The mission Moran has set centers on preparing students for success in everyday life. That work starts as early as pre-K and elementary school, when youngsters can be taught to use technology to do basic research and access expertise available in the outside world.
Rather than using computers to assign digital worksheets, educators must show students how to harness technology to become producers and creators. Accordingly, older students have begun to solve problems in the community.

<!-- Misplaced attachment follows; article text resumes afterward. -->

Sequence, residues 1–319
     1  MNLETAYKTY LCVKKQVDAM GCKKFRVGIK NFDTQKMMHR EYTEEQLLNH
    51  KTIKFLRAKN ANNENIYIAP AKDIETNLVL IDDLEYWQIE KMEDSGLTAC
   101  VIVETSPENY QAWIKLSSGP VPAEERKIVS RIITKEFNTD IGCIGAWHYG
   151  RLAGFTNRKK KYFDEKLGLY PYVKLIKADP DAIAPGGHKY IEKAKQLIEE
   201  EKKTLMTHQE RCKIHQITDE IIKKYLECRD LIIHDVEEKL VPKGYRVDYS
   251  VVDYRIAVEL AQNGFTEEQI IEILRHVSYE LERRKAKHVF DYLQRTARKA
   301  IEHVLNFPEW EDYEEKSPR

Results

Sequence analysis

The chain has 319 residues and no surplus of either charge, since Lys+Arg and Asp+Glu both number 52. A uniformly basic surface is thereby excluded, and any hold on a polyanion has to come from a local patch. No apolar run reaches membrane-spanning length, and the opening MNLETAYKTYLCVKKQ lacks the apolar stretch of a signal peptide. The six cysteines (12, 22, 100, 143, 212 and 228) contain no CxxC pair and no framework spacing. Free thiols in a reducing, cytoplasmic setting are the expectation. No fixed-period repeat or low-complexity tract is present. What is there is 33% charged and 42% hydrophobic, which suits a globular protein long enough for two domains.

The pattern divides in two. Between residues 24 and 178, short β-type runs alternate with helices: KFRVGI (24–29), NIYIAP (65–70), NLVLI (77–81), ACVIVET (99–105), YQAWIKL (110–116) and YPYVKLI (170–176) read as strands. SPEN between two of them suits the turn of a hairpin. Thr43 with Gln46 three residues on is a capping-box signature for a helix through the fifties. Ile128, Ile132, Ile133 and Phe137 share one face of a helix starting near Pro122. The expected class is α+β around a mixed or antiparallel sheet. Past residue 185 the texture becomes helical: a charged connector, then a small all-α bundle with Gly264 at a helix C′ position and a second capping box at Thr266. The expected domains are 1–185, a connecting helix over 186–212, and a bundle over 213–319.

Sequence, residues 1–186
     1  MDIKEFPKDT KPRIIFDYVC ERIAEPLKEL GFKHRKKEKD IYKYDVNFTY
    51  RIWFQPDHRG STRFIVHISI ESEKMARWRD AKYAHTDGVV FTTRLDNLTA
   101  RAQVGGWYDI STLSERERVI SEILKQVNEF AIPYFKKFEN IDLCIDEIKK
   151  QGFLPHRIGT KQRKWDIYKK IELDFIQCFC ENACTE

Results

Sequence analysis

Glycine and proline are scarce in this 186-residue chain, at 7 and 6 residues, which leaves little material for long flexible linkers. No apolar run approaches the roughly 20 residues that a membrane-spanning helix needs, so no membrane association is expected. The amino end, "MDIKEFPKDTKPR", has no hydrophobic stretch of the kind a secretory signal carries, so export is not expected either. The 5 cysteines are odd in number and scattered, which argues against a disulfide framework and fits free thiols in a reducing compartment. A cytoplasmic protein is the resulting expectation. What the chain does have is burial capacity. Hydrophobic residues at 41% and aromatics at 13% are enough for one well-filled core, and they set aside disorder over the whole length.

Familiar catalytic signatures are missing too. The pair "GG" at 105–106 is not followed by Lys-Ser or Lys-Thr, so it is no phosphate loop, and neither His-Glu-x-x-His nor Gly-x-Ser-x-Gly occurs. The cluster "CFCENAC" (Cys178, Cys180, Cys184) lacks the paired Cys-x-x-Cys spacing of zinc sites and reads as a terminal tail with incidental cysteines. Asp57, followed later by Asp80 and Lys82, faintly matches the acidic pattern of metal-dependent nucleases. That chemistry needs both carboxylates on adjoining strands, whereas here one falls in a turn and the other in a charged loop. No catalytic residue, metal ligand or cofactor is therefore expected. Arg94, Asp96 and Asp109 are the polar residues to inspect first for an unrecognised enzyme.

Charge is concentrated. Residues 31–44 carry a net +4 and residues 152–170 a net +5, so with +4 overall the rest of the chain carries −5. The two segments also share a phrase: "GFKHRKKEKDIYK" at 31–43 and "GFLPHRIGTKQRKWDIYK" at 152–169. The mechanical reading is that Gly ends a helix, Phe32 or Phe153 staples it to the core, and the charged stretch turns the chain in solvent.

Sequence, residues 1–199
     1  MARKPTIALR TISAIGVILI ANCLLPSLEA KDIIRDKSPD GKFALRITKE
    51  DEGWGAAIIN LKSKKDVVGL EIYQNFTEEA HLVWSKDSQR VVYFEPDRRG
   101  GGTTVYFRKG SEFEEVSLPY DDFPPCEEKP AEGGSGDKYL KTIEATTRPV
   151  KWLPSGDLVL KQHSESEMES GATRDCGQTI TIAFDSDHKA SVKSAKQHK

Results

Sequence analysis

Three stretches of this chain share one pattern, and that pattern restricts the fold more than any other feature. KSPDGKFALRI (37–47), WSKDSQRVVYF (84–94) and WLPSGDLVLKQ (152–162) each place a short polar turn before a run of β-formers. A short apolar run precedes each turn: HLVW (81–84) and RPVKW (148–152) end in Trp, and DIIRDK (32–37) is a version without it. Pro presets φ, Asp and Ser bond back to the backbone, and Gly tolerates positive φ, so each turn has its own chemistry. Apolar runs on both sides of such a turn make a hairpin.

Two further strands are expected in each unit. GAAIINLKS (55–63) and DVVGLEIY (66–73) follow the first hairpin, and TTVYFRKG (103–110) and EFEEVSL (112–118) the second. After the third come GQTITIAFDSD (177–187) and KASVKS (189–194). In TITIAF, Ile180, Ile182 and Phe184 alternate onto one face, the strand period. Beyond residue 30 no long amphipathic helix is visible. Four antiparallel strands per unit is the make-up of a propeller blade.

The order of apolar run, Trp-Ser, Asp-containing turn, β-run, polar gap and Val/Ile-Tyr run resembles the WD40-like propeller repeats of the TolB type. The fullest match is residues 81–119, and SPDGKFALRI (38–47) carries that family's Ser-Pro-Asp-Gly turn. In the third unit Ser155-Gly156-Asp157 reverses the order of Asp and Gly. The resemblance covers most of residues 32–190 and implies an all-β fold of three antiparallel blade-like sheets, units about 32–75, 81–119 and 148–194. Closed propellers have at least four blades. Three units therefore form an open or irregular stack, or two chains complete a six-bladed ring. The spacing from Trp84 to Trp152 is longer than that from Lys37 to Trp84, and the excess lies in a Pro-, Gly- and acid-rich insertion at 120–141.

The multiage classroom represents several of Moran’s core beliefs about education: First, that children should make their own choices. Having influence empowers and encourages learners to pursue more challenging projects—even if they fail.
She worries that society has become overprotective of children. “Risk is what drives invention,” she says. “If we didn’t have people willing to take risks to try things, we wouldn’t have electricity, we wouldn’t have the telephone, we wouldn’t have democracy.”